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TOPIC: BUSINESS MANAGEMENT
Examine different types of entrepreneurial ventures and explain how they relate to the typology of entrepreneurship ventures, including examples of each type.
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This aim of this Unit 9 Entrepreneurship and Small Business Management ESBM Assignment is to assist students develop cognitive knowledge and skills needed in the field entrepreneurship and small business management, through understanding the importance of types, attributes and characteristics of successful entrepreneurs, including contributions micro, small and medium-sized businesses make to a national economy.
This ESBM Assignment enables students to develop creativity, innovative-thinking and core business management skills necessary for start-up entrepreneurs, including skills-sets that assist aspiring entrepreneurs to evaluate economic variables relating to scale, managing risks, uncertainties and seeking opportunities.
Students will learn about the influence of national culture and the economy on entrepreneurship, including an exploration of the personal characteristics of entrepreneurs and the impact of personal situational factors, like education, background and life experiences.
Students will also learn about the role and importance of small firms to the economy, social enterprise and the social economy, including learning to balance the risks and rewards of starting a new venture, which requires investigation and reflection of their own entrepreneurial and enterprising characteristics.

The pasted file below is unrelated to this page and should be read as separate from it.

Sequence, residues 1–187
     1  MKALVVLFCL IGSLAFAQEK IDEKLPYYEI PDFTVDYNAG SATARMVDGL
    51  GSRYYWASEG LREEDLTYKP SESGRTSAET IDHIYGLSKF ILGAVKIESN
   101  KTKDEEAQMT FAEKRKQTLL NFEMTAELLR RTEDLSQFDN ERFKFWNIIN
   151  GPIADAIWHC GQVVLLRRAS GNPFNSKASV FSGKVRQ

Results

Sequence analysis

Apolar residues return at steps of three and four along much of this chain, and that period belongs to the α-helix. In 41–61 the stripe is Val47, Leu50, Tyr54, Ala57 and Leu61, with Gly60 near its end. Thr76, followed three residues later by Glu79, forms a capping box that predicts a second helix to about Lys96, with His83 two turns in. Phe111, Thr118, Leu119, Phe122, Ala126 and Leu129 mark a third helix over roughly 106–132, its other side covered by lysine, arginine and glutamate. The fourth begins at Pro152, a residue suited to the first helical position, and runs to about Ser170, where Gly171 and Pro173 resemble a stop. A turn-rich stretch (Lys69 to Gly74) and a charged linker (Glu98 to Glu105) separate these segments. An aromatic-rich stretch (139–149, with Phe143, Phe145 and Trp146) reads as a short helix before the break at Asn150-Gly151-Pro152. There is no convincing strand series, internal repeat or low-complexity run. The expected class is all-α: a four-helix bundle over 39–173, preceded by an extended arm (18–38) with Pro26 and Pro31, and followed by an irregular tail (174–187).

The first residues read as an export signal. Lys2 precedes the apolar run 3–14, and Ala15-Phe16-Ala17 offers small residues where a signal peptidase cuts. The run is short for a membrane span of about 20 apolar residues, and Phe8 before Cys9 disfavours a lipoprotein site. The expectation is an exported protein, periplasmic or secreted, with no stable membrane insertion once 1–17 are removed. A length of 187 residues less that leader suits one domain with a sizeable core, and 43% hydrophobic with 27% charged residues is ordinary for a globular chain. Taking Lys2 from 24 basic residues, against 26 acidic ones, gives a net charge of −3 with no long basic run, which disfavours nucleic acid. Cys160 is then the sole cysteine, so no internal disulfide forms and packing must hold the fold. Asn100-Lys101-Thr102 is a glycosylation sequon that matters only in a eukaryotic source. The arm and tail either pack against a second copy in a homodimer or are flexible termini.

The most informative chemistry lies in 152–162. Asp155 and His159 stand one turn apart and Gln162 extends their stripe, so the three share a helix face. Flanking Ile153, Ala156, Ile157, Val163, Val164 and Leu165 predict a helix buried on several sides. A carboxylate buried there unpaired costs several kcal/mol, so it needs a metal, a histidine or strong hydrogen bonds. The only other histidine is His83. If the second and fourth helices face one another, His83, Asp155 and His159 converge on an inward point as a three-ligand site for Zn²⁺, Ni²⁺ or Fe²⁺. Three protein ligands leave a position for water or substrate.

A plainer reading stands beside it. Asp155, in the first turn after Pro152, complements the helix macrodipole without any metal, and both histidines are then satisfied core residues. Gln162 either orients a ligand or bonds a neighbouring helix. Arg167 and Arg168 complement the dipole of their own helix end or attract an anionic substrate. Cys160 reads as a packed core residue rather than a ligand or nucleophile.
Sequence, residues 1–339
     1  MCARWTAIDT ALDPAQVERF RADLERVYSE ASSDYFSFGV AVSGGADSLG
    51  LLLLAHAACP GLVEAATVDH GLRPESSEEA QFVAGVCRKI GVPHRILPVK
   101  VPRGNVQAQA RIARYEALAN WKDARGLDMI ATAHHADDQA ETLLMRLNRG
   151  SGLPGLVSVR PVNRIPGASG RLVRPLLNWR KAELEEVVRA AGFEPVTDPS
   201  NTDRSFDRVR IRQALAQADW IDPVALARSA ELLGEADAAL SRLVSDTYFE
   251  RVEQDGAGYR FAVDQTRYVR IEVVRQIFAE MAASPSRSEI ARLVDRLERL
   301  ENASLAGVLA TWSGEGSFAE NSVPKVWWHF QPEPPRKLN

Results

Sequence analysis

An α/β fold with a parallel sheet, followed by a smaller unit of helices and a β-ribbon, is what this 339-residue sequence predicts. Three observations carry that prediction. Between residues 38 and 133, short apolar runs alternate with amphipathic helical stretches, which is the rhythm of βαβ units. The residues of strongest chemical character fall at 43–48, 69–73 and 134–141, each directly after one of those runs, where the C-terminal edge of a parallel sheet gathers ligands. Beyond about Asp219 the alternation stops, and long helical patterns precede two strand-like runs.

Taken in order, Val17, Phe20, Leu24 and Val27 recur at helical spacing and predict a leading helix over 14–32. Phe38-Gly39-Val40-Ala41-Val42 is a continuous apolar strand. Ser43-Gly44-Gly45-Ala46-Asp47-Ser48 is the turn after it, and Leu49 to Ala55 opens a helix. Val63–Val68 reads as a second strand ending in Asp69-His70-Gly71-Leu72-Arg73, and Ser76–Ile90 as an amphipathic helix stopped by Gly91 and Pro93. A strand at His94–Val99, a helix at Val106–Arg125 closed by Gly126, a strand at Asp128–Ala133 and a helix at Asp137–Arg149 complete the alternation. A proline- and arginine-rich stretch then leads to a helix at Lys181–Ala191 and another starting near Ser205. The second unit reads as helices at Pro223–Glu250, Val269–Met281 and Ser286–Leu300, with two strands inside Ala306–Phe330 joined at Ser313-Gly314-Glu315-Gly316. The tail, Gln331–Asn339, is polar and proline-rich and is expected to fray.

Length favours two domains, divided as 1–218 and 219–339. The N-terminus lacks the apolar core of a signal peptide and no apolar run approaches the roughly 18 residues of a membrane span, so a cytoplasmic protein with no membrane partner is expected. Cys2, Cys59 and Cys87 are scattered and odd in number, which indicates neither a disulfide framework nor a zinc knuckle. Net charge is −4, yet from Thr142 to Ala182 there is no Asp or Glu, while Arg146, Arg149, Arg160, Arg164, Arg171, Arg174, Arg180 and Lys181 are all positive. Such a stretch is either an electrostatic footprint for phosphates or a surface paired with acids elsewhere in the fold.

Examples of entrepreneurs and start-up organisations will be discussed and students will be expected to draw on local, personal and general knowledge together with their learning to be able to identify the characteristics of entrepreneurial ventures.
Your primary role at the Entrepreneurship and Small Business Management Council (ESBMC) is to support your Line Manager, who reports to a Director. The Council primarily assists prospective entrepreneurs and start-up ventures to prepare to become successful entrepreneurs.
Your role is to contribute to development of resources used by your Line Manager, who makes presentations and issues publications on the subject, using the two (2) Case Studies below:
Case Study 1: Elizabeth Gooch and EG Solutions PLC
In 2006, Management Today named Elizabeth Gooch as the seventh most successful female entrepreneur in the UK. About 25% of the top entrepreneurs in the list were female.
Elizabeth is founder and CEO of EG Solutions, a small company selling operations management software that helps clients to generate improvements in operational performance and efficiency. EG Solutions prides itself on implementing its programmes on a fixed cost, fixed timescale basis. It is the only company that guarantees return on investment and its sales receipts/revenues are based on the results delivered. A typical implementation project pays itself within six (6) months.
Elizabeth started work for HSBC Bank aged 18 but left after only 12 months to work for a consultancy that helped large firms find better ways to use their staff. Eight (8) years later, she started her own business, EG Consulting, aged 26, financed by £1,000 borrowed from family and friends and a credit card.
EG Consulting initially offered consultancy and training on operations management to financial services companies. In its first year, turnover reached £600,000. However, the complexity of collecting the information needed to advise on improving efficiency led Elizabeth to develop software to help in the task.